Now this all may sound rather exciting, how could it not?  An obsessed Captain Nemo like character having lobotomized his crew to fulfil a madman’s dream to explore a black hole, a ship manned by said creepy humanoids as well as laser gun toting robots, themselves led by a robot devil with spinning Cuisinart blades for arms.  We even have a ship that looks like a cross between an oil refinery and the S.S. Poseidon, and all of this would one would assume would lend itself to a pretty gripping an action packed tale, but sadly it doesn’t.

So how can a film with all those elements, including a first rate cast, fail to engage an audience? Well instead of a sci-fi blockbuster, or a taught and thought provoking tale, we got an overwritten melodrama with some of the hammiest lines of dialog ever uttered on film. The robot V.I.N.CENT’s sole character trait is that he speaks in clichés such as, “There are old pilots and bold pilots, but very few old bold pilots” and he keeps uttering them with such frequency that one must assume he was programmed by Uncle John’s Bathroom Reader. Then we also meet an old battered robot B.O.B. (Bio-sanitation Battalion), that has us wondering why someone would program it with the voice of Slim Pickens, sure we are told it was designed in Houston, but would even a Texan robotics engineer incorporate such a voice into a robot?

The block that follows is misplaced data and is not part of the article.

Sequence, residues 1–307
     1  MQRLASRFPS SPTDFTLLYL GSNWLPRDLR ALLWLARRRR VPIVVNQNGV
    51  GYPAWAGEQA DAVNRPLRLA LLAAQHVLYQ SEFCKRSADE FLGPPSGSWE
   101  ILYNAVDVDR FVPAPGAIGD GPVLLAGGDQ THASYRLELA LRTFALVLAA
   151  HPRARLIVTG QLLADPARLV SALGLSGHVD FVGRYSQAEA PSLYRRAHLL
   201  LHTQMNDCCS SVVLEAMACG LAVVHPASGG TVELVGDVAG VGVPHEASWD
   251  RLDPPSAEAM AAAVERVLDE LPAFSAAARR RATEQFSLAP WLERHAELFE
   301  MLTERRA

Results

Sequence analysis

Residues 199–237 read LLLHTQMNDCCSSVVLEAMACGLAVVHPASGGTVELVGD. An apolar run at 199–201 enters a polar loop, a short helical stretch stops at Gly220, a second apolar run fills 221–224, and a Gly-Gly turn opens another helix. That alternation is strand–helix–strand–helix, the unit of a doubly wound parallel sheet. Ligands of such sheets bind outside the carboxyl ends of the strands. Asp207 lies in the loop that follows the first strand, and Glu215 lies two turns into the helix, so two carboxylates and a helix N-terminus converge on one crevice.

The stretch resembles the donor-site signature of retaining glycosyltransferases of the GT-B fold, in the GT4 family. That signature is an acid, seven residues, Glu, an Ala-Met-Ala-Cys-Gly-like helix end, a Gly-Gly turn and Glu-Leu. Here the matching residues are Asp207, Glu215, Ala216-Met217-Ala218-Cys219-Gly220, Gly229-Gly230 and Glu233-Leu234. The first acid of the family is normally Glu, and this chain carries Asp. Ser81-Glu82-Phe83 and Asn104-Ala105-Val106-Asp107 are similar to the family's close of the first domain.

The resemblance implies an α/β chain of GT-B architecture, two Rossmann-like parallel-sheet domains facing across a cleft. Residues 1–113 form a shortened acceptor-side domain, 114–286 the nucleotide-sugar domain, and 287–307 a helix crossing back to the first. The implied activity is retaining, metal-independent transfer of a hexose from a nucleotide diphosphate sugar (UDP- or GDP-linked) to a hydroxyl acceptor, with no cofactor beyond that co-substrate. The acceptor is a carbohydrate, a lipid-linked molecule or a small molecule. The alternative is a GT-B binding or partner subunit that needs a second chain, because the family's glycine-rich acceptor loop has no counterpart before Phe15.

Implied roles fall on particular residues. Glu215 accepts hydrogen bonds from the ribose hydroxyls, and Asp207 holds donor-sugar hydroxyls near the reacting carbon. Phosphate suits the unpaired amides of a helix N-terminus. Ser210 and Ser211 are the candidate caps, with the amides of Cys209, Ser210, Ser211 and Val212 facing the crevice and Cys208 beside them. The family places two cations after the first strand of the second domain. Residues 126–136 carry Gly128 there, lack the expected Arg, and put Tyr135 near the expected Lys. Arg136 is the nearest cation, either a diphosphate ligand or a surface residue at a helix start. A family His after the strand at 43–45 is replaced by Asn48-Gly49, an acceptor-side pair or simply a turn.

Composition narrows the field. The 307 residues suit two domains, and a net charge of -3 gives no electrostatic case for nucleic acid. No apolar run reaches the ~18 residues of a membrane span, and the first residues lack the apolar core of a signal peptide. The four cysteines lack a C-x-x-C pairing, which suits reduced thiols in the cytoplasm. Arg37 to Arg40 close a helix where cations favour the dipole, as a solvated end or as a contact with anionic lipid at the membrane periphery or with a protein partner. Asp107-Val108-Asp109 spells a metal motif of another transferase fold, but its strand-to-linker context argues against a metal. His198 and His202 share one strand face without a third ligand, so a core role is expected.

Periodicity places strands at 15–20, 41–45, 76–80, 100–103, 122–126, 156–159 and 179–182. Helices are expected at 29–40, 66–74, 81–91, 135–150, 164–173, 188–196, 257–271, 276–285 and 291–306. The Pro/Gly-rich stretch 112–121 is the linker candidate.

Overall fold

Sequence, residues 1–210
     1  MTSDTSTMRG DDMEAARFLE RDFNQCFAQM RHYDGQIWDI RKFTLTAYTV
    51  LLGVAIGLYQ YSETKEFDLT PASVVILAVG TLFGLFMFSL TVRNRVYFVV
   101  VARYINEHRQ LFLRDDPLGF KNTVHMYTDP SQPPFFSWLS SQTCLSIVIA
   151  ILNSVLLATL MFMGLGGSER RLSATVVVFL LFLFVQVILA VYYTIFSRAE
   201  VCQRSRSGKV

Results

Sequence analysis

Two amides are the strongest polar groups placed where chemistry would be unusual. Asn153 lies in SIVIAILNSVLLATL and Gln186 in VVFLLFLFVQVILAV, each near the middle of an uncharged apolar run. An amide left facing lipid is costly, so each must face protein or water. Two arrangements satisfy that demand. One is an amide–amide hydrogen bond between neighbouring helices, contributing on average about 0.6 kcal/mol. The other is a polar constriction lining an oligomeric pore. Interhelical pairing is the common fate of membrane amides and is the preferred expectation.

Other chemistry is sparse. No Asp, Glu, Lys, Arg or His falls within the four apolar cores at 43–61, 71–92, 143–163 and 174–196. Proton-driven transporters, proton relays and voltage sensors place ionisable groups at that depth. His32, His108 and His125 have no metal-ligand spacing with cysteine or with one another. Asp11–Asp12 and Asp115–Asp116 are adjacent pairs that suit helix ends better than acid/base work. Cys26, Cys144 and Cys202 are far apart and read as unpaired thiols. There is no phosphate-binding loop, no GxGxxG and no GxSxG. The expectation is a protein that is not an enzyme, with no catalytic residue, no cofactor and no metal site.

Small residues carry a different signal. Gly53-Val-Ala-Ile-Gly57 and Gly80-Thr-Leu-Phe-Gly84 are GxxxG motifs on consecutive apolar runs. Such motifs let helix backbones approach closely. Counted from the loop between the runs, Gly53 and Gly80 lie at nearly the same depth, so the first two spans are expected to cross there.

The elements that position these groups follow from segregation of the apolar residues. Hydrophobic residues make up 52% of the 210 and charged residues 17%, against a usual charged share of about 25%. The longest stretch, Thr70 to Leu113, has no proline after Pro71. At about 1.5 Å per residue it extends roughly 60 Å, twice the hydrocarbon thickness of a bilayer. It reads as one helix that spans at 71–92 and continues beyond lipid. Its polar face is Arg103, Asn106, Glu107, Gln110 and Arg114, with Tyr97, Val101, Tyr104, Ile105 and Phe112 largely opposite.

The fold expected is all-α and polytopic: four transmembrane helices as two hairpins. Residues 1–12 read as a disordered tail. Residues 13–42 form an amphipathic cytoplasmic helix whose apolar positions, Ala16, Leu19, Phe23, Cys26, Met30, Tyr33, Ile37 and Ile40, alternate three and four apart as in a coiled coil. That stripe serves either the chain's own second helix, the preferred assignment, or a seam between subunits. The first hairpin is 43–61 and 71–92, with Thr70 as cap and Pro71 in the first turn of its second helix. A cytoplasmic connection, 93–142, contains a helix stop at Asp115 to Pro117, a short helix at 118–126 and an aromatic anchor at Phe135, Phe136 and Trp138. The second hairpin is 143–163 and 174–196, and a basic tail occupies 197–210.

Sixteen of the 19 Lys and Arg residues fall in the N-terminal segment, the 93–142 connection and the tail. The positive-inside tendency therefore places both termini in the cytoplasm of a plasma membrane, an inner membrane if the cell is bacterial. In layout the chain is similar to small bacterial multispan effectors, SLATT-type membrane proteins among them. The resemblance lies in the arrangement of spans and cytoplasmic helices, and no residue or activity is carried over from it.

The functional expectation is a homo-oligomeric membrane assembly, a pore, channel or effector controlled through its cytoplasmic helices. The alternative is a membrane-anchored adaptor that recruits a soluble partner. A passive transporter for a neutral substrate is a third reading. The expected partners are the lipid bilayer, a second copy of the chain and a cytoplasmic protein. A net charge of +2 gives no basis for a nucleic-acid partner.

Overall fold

Maybe the programmer was a huge Dr. Strangelove fan?